What is Bullous Emphysema?

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  • Written By: D. Jeffress
  • Edited By: Bronwyn Harris
  • Last Modified Date: 20 October 2019
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Bullous emphysema is a medical condition in which spherical air sacs in the lungs become severely enlarged and eventually rupture and deteriorate. Individuals with progressive bullous emphysema often experience chest pain, difficulty breathing, chronic coughing, and other debilitating symptoms related to a lack of oxygen in the blood. In the most severe cases, the condition can cause one or both lungs to collapse and necessitate emergency surgery to restore or remove a lung. A person who believes he or she may be experiencing the first signs of the disorder should consult a doctor immediately to make a proper diagnosis and arrange for treatment.

Normal human lungs rely on small air sacs to intake oxygen and distribute it into the blood. In the case of this type of emphysema, the air sacs become overinflated and cystic, putting excess strain on normal lung tissue and blocking oxygen from reaching the bloodstream. The air sacs often become inflamed and can even rupture, which severely limits lung functioning. Doctors and medical researchers have identified smoking, sarcoidosis, and genetic tendencies as the most common causes of this disease. Exposure to airborne pathogens, bronchitis, and chronic obstructive pulmonary disease can also contribute to the development of the condition.


Most people with bullous emphysema experience shortness of breath, wheezing, coughing up phlegm, and centralized pain in their chests, especially when engaging in physical activity. Some patients suffer from nausea, loss of appetite, and fatigue as a result of constant breathing problems. Lowered oxygen levels in the blood can result in heart problems, weakness, and discoloration of the fingernails and toenails.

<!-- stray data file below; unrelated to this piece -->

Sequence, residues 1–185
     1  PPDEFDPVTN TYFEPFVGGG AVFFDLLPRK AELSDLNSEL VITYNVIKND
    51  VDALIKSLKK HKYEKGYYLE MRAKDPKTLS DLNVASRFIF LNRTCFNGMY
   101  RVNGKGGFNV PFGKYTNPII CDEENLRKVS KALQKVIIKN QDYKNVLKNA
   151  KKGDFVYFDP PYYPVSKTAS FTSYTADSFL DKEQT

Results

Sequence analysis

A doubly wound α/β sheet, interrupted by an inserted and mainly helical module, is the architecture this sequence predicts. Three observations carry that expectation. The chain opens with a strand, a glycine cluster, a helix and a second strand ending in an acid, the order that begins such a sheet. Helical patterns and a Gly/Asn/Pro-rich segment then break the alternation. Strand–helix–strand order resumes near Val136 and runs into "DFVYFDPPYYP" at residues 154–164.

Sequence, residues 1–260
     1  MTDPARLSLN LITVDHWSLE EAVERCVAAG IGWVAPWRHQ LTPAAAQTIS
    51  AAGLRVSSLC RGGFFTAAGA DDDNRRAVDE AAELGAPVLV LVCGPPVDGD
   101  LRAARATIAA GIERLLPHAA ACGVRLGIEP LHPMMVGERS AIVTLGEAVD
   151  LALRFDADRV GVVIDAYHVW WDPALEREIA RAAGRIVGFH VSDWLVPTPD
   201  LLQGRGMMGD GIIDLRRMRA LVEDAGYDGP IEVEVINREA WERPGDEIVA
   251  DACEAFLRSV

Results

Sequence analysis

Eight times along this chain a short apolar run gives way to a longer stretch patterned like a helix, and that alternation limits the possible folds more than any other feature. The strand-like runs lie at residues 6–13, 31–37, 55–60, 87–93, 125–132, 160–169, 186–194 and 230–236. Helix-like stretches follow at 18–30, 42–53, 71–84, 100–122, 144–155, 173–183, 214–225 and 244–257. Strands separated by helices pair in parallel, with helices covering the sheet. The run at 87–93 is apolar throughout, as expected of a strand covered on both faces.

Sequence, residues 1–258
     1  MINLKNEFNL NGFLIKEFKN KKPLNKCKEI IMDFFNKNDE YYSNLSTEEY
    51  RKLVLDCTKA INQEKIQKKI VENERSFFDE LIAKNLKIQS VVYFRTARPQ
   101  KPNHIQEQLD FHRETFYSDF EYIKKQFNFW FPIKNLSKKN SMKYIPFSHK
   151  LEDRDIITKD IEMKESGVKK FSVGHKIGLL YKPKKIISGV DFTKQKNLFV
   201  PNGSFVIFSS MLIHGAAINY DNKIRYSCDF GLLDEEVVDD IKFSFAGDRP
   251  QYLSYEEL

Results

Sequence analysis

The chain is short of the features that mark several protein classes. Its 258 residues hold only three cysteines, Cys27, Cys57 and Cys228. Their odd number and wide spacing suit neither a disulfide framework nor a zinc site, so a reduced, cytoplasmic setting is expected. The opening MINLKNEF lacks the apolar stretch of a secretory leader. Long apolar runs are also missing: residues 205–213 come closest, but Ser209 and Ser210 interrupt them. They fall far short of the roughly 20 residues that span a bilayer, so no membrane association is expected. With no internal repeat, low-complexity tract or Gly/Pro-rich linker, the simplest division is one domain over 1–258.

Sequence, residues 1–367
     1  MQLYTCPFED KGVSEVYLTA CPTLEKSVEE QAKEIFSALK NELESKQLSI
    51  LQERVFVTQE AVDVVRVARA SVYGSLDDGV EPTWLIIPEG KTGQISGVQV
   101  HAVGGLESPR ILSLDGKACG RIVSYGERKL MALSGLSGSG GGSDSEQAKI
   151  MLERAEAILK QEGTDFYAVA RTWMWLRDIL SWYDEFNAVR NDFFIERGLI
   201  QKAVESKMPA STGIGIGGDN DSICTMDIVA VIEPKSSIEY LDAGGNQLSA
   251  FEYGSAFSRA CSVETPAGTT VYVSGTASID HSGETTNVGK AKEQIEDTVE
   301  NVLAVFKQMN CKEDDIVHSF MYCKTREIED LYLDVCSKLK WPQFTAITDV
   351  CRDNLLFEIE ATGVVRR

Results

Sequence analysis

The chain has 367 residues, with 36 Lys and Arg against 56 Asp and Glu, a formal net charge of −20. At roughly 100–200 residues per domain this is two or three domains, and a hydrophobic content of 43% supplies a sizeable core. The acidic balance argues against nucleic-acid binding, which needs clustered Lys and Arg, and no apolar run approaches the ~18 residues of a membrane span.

Trained physicians can perform a number of tests to diagnose bullous emphysema. A patient may be asked to blow into a spirometer to measure lung capacity or wear an oximeter on his or her finger to calculate oxygen levels in the blood. A doctor may also take x-rays or computerized tomography scans to check for the presence of enlarged and damaged air sacs. Once emphysema is determined to be the cause of a patient's symptoms, the physician can design an individualized treatment plan.

Treatment for bullous emphysema usually focuses on increasing airflow into the lungs. This can be accomplished by quitting smoking, taking antibiotics to control swelling or infections, using inhalers that contain concentrated prescription steroids, or utilizing a supplemental oxygen machine. In severe cases of emphysema or emergency situations where a lung has collapsed, surgery may be necessary to remove damaged areas of lungs or entire organs. Lung transplants are usually considered a final option in relieving symptoms.


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Post 11

I was diagnosed about fourteen years ago, and progression was slow for a few years, but now it's going at a fast pace. I have been on oxygen 24/7 for about a year and a half now, and some days walking a short sidewalk to my car is dangerous; my oxygen level may drop to 75 and heart rate 120. I moved to a small apartment and can hardly do the work there. I use 2 inhalers and I am supposed to use my updraft. I keep a sinus infection at all times which hinders my breathing and keeps me from getting the inhalation properly.

Post 10

Look into something called alpha one antitrypsin deficiency. Pulmonologists can test for it but most don't. It's a rare genetic disorder which gave me emphysema and there are treatments (infusing your body with the enzyme your body is missing) which help. I got this at 38 due to this disease and don't smoke.

Post 9

I am a 43 year old female and was diagnosed with bullous emphysema and COPD. The pulmonologist and I reviewed the CT scan that was performed in may 2012. I have 10 percent of my left lung left and 70 percent of my right lung left.

The doctors still have yet to give me oxygen therapy and I am on the advair 500/50 twice a day and spiriva once a day and a proventil inhaler.